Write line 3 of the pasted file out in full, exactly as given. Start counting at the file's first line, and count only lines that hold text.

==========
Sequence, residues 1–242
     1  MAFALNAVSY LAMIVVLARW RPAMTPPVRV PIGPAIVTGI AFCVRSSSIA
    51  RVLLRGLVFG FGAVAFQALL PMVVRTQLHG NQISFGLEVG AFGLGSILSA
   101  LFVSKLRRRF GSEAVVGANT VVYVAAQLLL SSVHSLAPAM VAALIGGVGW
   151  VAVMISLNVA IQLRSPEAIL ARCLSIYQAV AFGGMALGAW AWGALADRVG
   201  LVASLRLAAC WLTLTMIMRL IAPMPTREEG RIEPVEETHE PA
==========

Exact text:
    51  RVLLRGLVFG FGAVAFQALL PMVVRTQLHG NQISFGLEVG AFGLGSILSA